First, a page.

Lunch boxes and lead

The mind really does boggle when you start digging around and discovering the sheer scale of environmental toxins that are in items that we use every day. It becomes even more frightening when it involves our children.

A couple of years ago, dozens of soft vinyl lunch boxes tested by scientists on the USA government’s payroll revealed that 20% had lead levels over what’s considered by the medical fraternity to be unsafe. Even more disturbing were a few that had 10 times the lead levels considered to be hazardous.

What’s especially frightening was that after the study, according to this article, the Consumer Product Safety Commission stated that they found “no instances of hazardous levels.” Their reasoning: that kids don’t chew on the lunch boxes and the food that’s in it is usually wrapped.

That may be true, but what loving parent would knowingly allow such a dangerous toxin such as lead so close to their child’s food. It only takes a miniscule amount of lead to cause health, behavioral and developmental issues in children. As lead is a cumulative poison, it never leaves the body; so any tiny amount from lunch boxes is just adding to lead that children may be ingesting from other sources.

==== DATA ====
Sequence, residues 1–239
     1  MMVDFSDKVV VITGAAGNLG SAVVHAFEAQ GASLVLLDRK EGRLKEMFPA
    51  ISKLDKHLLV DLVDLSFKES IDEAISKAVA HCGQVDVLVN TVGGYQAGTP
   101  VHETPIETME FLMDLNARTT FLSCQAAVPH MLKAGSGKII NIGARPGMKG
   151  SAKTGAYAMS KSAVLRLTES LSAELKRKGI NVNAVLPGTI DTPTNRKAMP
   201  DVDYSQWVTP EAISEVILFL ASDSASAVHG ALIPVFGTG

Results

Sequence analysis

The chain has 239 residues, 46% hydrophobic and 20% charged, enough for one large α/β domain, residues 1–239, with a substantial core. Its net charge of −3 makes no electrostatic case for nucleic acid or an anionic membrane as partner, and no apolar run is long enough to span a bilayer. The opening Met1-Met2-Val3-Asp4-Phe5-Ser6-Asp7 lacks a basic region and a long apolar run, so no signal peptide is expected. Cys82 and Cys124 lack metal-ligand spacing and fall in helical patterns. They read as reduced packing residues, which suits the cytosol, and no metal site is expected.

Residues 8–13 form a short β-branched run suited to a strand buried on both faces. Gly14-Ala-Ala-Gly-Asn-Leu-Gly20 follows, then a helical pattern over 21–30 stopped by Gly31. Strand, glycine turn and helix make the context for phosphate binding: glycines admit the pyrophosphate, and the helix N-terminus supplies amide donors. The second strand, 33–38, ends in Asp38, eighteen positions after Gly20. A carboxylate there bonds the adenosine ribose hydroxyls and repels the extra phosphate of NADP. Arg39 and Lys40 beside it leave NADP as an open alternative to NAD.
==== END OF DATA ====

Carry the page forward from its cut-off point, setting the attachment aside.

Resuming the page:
Aside from that, these lunch boxes have a limited lifespan – they tear or break, or kids grow out of the cuddly animals printed on them and a new lunch box is purchased. How many of these are discarded each year; their payload of lead winding up in the environment, not to mention other toxins in the plastic and inks?

Lead is utilized as a vinyl stabilizing agent, but there are alternative chemicals that can be used. Many companies are now switching from lead to these alternatives, but it pays to do a bit of research on earth friendly lunch boxes – there’s options such as lead free PVC (still not really earth friendly), cotton cloth bags, woven reed or bamboo; and of course, the good old recycled paper bag.